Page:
There wasn’t an editor at St. Martin’s Press who knew there was work to be done?
It’s not that the story was bad, it has great potential. If the rule in writing a novel is “show, don’t tell,” Sokoloff is a rogue. The entire story was “told” by the author. I saw nothing. Not from any character’s point of view, which could have been interesting with scientists recording a psychic phenomenon, a poltergeist waiting to be seen.
Maybe that’s why the title is “The Unseen?”
Laurel spends too much time “finding herself turning and looking, glancing around the room when suddenly a dark man appeared.” Yikes! Nobody ‘finds’ themselves turning and looking at anything at any time. A dark man suddenly appearing doesn’t give me “tingling behind” my ears as our psychic-sensitive heroine felt every time the reader was suppose to realize something dramatic was about to happen. Even the quick paced ending left me with nothing. Something rapped twice and some light bulbs broke. A few people sitting around a table and “suddenly” the mayhem was over.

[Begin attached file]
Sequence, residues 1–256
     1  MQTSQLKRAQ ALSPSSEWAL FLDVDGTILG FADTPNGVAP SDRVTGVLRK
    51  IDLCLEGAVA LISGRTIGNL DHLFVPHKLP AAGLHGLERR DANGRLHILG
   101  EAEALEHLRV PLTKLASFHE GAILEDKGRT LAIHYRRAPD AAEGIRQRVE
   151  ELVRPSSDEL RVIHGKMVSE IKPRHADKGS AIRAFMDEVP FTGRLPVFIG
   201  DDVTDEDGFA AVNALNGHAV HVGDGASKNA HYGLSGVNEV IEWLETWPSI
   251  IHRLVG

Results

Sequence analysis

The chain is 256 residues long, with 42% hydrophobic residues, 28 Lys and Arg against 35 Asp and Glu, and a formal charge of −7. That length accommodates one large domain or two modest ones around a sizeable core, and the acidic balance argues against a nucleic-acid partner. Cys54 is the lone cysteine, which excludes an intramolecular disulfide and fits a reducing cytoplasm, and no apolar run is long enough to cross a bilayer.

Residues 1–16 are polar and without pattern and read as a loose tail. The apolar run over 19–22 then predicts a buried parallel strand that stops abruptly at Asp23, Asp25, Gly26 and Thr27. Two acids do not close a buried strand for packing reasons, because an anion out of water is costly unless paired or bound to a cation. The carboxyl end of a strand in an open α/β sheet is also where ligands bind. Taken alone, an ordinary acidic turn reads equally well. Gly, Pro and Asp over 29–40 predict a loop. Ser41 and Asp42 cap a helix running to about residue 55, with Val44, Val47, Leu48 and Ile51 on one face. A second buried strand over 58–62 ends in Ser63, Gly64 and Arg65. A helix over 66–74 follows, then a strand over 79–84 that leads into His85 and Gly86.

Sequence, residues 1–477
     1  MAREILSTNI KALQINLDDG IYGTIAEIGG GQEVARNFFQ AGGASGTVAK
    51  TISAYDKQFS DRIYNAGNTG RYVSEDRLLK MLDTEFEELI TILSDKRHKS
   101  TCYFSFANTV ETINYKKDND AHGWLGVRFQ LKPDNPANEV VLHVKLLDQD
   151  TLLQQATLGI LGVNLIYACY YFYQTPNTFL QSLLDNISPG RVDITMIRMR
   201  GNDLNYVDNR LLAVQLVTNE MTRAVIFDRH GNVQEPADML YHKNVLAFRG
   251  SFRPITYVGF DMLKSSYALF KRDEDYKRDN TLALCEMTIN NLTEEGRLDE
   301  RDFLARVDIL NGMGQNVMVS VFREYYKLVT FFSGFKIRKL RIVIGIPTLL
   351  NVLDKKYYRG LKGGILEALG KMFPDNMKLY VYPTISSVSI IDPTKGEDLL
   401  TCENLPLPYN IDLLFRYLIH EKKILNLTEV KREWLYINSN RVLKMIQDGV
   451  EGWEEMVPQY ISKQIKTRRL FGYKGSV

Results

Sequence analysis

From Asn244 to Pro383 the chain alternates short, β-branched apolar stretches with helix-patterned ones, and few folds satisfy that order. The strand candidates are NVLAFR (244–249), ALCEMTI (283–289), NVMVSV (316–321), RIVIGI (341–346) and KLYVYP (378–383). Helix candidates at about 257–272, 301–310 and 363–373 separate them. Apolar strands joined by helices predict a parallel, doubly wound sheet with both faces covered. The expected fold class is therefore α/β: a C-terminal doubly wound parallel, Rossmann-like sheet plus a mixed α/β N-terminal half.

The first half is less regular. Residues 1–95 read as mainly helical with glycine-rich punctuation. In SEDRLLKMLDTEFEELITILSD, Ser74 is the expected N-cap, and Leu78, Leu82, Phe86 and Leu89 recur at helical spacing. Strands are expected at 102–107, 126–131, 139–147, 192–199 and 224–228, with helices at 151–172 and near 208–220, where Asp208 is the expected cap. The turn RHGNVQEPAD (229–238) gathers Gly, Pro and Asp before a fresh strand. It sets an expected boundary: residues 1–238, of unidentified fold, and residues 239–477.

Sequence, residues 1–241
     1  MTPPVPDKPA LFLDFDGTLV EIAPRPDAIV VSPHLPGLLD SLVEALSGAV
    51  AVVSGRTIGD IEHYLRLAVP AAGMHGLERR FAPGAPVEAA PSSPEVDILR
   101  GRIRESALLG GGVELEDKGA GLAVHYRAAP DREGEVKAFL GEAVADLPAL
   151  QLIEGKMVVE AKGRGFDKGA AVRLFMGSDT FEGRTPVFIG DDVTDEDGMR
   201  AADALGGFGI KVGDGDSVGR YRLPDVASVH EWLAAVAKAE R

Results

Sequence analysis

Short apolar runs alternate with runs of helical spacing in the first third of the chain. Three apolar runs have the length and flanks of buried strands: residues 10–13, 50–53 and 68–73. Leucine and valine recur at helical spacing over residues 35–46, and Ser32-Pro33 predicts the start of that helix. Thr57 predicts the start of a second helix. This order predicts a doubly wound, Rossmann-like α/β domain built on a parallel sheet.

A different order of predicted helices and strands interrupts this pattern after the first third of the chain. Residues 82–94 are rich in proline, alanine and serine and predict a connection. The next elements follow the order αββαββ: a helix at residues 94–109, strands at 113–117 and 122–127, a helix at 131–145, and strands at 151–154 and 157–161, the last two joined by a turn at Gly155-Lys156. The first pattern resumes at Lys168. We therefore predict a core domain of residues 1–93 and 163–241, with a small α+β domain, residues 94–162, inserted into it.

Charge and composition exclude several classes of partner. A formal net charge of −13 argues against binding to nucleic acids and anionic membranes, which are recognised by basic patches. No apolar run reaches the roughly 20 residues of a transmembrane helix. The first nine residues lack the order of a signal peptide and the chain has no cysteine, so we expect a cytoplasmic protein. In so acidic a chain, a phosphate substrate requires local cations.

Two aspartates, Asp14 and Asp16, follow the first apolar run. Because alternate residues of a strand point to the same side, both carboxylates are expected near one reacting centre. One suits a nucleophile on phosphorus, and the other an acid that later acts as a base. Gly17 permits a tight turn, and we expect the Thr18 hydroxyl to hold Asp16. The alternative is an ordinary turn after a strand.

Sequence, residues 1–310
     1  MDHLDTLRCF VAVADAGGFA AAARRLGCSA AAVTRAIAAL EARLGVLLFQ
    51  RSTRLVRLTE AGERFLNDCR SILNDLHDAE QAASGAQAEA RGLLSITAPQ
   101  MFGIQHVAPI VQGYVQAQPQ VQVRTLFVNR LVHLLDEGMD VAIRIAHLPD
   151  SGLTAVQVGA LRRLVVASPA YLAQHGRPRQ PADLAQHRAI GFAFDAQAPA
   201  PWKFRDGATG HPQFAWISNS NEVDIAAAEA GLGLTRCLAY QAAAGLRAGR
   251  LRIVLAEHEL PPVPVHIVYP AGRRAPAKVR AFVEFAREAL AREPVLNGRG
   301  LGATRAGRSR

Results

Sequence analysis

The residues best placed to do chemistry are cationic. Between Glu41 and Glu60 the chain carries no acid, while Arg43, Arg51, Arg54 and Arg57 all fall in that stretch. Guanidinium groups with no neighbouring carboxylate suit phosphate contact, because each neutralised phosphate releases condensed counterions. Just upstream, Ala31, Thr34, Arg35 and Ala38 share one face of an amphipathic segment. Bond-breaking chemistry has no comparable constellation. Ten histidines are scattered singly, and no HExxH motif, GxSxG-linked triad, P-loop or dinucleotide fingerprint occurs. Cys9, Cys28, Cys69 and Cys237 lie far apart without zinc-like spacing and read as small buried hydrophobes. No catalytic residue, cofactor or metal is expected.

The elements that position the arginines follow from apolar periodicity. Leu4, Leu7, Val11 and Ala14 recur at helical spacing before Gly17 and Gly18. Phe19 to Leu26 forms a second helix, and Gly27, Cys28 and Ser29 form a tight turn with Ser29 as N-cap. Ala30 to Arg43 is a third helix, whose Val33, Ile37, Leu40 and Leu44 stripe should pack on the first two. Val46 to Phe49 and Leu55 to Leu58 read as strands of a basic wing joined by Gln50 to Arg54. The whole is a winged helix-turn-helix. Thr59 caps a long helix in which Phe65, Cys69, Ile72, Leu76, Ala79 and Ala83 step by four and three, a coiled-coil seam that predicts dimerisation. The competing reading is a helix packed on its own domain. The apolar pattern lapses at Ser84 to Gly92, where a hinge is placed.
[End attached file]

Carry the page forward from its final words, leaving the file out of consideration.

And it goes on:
I wish her editor had told her to run a word search. How many times can I read the word “was” before I reach for the bottle of aspirin? Or throw away the book? I counted the word “suddenly” ten times on one page, “was” ten times in one paragraph. If Laurel isn’t going to react to anything why should I? Not only is the use of “suddenly” non effective and a writing no-no, it’s a sign of lazy writing all together. In a story about a poltergeist, there are any number of ways to get the reader’s attention. Poltergeists are noisy and destructive. Certainly Ms. Sokoloff could have supplied a few rattling verbs to get the point across. Slam the door, let the ringing telephone crash against the wall, pinch her, something. I felt I was watching a dress rehearsal for a bad play through a security monitor.
The use of adverbs is also a sign of poor writing. I’ve been taught to find a better verb, period.
I recently wrote a blog about passive voice and point of view in my own writing. “The Unseen” would make a perfect example on why passive voice is, well, so passive. This book sludged along like a drunken walk home in the middle of the night. There was no reason to feel terror when I was told by the author that Laurel felt terror. There was nothing Laurel or any other character did or said that made me sit on the edge of the bed at 3:00 in the morning to see what came out of the puddle of water. Nothing ever did.